The system eventually conforms to a set of collectively-established behavioral norms. Conformity is essential to maintaining social order within a system because it exerts a suppressive force on individuals who behave in a way which deviates from social, political, or ideological standards of society. These individuals are labeled taboo and thus pose a threat to the wellbeing of others, or more importantly to the organization and stability of the current social system, namely the distribution of resources across various social classes within the population.

Memory, Communication, and Extracting Messages

An agent has a knowledge base called memory that stores information which can be accessed using keywords. Each element of memory contains a keyword and a value. A keyword acts as a label for tithe associated value in memory.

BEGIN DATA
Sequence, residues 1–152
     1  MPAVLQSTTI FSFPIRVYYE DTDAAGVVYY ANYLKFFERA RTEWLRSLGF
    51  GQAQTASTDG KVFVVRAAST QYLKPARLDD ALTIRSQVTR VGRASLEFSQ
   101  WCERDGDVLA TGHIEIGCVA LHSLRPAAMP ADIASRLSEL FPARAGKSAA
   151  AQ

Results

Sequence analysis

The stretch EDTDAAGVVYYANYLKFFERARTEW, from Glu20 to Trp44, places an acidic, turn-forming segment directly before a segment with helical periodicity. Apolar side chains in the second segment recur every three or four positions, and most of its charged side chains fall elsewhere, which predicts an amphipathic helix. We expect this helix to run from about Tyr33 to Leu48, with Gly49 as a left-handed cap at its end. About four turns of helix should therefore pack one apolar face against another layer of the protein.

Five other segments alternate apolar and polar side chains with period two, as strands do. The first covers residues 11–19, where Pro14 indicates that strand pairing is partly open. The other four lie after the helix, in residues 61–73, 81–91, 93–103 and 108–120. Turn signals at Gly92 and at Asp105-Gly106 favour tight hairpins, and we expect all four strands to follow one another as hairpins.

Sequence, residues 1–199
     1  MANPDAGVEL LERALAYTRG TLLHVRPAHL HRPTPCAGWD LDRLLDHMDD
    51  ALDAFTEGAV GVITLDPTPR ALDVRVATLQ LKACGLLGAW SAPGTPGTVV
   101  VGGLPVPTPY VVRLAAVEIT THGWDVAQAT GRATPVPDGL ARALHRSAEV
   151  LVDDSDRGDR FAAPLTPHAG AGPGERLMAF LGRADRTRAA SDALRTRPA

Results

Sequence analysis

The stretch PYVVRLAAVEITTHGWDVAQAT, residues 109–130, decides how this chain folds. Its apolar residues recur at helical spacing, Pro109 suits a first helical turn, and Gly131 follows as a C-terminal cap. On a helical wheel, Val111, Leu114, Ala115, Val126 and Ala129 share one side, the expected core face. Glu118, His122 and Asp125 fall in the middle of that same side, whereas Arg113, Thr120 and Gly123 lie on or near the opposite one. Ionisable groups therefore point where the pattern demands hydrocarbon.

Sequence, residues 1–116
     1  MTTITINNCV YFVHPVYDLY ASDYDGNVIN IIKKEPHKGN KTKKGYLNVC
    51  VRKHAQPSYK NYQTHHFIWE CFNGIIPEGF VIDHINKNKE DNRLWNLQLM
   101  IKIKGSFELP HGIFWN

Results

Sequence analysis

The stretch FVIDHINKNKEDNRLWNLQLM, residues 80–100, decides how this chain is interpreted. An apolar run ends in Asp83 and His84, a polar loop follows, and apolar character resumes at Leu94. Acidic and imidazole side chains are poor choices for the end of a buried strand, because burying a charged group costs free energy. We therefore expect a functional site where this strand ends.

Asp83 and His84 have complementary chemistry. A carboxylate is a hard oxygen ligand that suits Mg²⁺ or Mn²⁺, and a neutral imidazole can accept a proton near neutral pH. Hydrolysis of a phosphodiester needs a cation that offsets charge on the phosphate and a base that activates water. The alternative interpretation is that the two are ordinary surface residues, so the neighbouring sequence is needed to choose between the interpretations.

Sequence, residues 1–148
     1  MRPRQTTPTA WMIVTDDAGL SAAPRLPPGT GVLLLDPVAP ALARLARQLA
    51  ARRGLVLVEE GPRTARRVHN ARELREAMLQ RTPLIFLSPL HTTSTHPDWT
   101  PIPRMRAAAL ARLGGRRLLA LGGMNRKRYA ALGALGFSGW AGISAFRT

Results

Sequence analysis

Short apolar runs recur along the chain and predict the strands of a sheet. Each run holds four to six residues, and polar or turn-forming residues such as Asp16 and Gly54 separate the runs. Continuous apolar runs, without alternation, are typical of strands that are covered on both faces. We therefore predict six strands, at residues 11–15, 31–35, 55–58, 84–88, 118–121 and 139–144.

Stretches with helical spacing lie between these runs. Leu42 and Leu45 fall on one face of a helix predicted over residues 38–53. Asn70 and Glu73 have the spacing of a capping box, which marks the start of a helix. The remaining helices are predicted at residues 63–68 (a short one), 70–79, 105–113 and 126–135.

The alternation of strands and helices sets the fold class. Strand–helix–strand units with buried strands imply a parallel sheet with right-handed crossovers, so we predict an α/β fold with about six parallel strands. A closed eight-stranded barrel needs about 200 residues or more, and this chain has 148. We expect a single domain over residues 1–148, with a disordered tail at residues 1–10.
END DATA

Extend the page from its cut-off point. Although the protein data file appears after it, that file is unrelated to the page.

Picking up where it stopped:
An agent observes a stream of characters over time. Certain combinations of characters are recognized as messages. A message describes an action that the agent may or may not choose to perform. Messages contain an operator symbol, along with either two keywords or one keyword and one value. A message is an operation that manipulates the data in an agent’s memory. Each message has a type that is signified by the operator. Statements are messages that alter the stored values in memory. The possible types of statements are as follows:

  1. Definition
  2. Addition
  3. Subtraction
  4. Multiplication
  5. Division
  6. Exponent